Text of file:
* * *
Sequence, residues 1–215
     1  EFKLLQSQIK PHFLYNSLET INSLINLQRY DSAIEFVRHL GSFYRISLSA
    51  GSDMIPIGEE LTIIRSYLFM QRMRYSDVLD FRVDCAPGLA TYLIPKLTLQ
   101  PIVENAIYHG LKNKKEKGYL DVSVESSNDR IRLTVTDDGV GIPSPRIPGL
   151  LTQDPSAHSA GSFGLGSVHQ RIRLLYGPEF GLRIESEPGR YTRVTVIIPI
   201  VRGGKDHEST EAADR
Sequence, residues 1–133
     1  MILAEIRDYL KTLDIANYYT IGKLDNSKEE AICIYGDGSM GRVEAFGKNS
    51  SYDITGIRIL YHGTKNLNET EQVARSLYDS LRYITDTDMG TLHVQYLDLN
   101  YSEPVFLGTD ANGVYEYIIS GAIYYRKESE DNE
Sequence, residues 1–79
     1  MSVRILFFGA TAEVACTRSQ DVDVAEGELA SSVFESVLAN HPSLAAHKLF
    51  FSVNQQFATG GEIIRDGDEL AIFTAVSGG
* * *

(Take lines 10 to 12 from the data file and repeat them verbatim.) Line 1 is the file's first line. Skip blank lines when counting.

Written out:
   101  YSEPVFLGTD ANGVYEYIIS GAIYYRKESE DNE
Sequence, residues 1–79
     1  MSVRILFFGA TAEVACTRSQ DVDVAEGELA SSVFESVLAN HPSLAAHKLF